• In Russia, breakfast is free and could be fresh sausage, buckwheat porridge and tea.

• In Israel, the government recently banned sugary, fatty foods from all schools. A typical lunch might be fresh fruit of grapes and apple slices, a sandwich with fresh eggs and a granola bar.

• In Korea, students and teachers eat together, which is very communal and befitting of their culture. “Banchan,” or side dishes, are often served. A lunch might be kimchi “jjigae,” a spicy soup with a bowl of white rice, fried lotus root and a sausage dish with sesame leaves, and a serving of kimchi. As education is very important, school can be open from 8 a.m.-10 p.m., so dinner also is served.

• The school lunch program in India is free, feeding 120 million schoolchildren every day and employing 2 million women. India’s school lunch can include aloo, palak paneer, sambar and a dessert such as rassogala.

Brazil’s school lunches are part of the Local Farms to Children’s Plates program and the Zero Hunger Program. This program feeds 42 million children. The country is faced with two opposing problems: malnutrition and obesity. Poor children without access to sufficient, nutritious food, unfortunately, have access to junk food. The country is teaching children through school gardens to try to have them eat whole, fresh foods. Their typical lunch might consist of pork with mixed vegetables, black beans and rice, salad, bread and baked plantains.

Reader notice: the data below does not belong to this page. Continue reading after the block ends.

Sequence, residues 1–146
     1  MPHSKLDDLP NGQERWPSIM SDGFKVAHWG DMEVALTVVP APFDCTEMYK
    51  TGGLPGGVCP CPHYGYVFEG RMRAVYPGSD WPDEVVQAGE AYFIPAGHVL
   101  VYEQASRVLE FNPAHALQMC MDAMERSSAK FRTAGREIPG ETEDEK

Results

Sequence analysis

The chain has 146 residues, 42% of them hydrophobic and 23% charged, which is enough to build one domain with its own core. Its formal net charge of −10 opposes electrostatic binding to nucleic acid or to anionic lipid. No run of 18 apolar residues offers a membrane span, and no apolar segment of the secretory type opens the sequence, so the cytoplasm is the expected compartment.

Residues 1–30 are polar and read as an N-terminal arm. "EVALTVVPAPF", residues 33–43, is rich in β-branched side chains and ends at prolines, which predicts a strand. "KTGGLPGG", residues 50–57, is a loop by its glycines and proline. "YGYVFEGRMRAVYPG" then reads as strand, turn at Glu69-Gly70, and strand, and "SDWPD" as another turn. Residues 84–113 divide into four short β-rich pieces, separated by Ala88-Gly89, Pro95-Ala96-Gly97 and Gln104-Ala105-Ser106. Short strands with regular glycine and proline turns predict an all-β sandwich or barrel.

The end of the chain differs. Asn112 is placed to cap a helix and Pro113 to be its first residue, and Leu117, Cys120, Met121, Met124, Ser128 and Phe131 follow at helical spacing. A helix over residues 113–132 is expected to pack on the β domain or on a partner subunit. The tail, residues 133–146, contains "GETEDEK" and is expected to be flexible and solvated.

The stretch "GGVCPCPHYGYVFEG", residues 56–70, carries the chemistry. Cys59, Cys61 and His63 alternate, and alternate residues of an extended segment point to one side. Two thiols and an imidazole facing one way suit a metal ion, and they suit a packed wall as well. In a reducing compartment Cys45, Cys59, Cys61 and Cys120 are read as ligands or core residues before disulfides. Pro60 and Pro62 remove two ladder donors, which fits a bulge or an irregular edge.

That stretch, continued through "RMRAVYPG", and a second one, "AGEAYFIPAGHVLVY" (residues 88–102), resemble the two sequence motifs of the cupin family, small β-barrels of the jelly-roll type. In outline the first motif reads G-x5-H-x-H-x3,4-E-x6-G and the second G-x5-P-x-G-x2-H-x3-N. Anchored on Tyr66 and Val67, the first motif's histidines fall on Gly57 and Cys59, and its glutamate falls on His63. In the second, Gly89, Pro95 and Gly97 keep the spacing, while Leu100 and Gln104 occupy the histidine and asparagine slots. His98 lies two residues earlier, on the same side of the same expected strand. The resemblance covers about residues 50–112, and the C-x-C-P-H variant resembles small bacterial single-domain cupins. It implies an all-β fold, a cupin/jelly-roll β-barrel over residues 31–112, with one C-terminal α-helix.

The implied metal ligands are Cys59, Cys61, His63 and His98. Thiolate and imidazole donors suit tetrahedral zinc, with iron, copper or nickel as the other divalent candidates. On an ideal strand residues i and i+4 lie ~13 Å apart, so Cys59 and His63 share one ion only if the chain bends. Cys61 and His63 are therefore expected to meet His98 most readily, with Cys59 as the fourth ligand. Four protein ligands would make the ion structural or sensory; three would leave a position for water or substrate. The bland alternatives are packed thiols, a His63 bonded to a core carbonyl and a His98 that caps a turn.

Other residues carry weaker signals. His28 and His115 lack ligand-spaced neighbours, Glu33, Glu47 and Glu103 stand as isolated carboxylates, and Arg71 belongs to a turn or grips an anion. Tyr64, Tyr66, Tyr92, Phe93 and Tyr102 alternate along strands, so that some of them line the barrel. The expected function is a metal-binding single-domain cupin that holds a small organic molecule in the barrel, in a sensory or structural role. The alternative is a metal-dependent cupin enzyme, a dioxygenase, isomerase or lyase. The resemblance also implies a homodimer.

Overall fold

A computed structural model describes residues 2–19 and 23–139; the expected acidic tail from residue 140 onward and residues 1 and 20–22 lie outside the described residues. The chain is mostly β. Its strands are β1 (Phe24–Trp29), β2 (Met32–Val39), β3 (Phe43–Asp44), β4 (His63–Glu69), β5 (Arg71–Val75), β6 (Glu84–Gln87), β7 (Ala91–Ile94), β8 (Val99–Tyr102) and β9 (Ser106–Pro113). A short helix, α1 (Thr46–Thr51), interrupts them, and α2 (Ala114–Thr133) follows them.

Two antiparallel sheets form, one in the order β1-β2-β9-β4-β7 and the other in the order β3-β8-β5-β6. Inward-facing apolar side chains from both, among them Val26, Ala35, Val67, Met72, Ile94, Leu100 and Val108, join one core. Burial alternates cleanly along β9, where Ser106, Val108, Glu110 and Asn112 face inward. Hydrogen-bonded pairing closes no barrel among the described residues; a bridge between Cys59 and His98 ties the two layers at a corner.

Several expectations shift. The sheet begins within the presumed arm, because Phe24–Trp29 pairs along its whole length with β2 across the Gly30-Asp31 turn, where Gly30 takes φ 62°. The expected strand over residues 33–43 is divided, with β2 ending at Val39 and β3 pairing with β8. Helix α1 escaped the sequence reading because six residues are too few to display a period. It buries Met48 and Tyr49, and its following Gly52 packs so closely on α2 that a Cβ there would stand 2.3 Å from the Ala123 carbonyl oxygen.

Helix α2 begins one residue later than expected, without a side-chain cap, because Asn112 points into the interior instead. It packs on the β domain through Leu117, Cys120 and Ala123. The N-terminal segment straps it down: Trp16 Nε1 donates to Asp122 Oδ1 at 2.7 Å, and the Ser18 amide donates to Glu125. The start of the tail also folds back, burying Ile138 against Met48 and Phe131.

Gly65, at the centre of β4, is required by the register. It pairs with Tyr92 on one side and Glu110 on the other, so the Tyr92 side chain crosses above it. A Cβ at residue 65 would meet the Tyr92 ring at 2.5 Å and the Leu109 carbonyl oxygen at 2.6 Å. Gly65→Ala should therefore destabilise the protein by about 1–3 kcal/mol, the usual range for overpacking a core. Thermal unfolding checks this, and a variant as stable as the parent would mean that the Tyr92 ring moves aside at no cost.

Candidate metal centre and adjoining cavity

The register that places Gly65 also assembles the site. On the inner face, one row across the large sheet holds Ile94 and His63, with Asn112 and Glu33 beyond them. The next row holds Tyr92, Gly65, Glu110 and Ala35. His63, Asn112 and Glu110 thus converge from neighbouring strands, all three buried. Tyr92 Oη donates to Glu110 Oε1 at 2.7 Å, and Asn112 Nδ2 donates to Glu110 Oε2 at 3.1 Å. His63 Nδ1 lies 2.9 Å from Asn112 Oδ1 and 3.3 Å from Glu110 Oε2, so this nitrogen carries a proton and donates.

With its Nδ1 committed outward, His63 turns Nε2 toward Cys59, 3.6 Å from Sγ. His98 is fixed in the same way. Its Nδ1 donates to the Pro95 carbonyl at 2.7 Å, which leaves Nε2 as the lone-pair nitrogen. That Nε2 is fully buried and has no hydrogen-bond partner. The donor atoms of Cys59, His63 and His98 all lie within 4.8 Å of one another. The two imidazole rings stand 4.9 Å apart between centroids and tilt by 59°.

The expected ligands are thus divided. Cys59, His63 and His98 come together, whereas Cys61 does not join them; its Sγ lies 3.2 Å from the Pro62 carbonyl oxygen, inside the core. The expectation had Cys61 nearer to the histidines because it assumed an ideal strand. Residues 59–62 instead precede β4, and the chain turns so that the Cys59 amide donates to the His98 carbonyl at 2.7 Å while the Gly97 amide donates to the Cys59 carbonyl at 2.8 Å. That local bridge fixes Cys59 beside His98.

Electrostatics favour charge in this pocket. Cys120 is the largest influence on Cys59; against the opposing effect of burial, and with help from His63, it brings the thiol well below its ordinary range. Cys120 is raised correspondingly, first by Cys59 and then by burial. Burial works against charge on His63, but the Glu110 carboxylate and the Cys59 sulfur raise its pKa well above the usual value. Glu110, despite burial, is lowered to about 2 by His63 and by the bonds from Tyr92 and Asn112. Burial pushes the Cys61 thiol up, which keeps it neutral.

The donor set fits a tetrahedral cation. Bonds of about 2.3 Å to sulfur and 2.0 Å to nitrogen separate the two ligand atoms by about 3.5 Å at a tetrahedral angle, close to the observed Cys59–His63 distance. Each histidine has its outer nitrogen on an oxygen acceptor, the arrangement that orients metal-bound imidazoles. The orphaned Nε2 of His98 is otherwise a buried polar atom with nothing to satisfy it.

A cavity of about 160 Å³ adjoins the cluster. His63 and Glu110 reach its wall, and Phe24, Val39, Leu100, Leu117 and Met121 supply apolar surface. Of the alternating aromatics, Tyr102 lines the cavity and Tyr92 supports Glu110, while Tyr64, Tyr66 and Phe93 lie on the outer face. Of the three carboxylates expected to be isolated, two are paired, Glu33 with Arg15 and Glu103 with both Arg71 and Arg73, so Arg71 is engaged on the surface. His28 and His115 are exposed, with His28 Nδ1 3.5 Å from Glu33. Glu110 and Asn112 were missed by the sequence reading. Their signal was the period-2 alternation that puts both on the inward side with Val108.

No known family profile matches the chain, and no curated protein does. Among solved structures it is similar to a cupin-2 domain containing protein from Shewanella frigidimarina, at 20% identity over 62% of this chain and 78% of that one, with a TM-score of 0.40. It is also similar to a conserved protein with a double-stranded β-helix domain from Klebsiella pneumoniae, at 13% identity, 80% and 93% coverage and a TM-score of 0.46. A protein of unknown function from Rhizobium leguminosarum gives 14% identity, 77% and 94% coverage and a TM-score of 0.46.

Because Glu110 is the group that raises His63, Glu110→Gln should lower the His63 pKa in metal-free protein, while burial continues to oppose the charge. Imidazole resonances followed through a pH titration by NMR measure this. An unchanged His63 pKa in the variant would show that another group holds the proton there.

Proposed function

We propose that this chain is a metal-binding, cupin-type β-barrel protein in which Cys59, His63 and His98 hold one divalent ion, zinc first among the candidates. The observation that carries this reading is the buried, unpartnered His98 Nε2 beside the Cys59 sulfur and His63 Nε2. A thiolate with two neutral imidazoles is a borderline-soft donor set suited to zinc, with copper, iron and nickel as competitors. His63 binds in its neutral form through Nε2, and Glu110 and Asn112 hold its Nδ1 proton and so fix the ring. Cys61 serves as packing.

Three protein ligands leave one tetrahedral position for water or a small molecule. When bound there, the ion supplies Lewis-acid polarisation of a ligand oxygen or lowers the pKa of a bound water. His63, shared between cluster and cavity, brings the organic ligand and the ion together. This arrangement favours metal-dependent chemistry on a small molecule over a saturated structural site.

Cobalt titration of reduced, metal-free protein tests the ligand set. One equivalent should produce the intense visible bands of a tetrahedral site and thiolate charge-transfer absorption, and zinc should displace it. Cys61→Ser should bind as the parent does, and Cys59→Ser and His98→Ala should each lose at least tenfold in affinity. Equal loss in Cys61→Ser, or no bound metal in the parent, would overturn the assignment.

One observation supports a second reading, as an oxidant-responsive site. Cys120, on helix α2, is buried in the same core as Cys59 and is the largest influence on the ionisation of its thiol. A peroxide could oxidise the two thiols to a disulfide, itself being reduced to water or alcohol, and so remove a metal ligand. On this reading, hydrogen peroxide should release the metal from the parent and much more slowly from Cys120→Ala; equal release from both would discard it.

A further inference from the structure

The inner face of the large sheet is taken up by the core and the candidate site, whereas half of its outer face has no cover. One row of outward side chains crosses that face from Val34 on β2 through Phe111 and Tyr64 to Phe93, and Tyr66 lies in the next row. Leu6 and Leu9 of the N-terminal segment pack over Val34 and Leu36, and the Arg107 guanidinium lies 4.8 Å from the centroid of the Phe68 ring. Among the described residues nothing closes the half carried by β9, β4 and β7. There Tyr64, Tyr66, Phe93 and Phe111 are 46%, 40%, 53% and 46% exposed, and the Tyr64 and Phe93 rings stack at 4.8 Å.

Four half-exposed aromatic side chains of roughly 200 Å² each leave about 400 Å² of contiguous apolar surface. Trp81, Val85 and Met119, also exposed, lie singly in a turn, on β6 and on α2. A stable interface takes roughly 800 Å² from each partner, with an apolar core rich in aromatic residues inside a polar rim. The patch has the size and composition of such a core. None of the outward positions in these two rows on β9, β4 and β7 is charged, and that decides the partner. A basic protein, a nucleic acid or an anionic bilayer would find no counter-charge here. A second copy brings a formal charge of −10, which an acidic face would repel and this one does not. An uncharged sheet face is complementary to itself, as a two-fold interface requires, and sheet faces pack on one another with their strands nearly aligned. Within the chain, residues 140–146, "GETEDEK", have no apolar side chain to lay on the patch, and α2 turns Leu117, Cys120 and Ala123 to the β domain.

• In Guatemala, there is a project to provide balanced meals for more than 500 indigenous children. Often, these meals are the only meal for them for the whole day. Breakfast can be fresh fruit and lunch might be a tortilla, a hard boil egg, tomatoes and fruit juice.

• In Sweden, lunch choices consist of one to three entree selections, sides and an all-you-can-eat salad bar. Lunches are provided to all the children free of charge.

• If you were in the U.K., lunch is called dinner and costs 2 pounds, or $2.81 U.S. dollars. The U.K. government is presently looking at ways to make their dinners better and are working with “Leon,” a chain of restaurants, to sell healthy fast food. Currently, their lunches might consist of sausage, mash and baked beans.

German lunch is the biggest warm meal of the day. A week’s menu in a German school might be carrot and orange soup, fried fish with potatoes and remoulade sauce, penne pasta with meat-based tomato sauce and Schwabian noodles, cheese and vegetables.

• In Spain, every meal has two courses, served family style in huge metal bowls. There are no lines and no trays. One dish might be paella, hot yellow rice (saffron) with carrots, peas, potatoes and pieces of salted cod of bacalao. Another course might be “cocido” a classic comfort food of broth, noodles, stewed chickpeas, garlicky cabbage and various meats. Dessert could be fresh fruit of apples, bananas, mandarin oranges, green grapes or melon.

• In Greece, breakfast and lunch are offered daily, with breakfast costing $1.50 and lunch at $2.50. I was surprised that Greek meals are very similar to ours. Lunch today, April 10, is taco in a bag or Italian grilled cheese, Mexican black bean salad, Mexican rice pilaf, chilled peaches and fresh fruit.

Foodie bites


• The Hilo Classic Food Show at Hawaii Community College is Friday (April 13). In preparation for the event, the Bamboo Hale is closed.

Email Audrey Wilson at audreywilson808@gmail.com.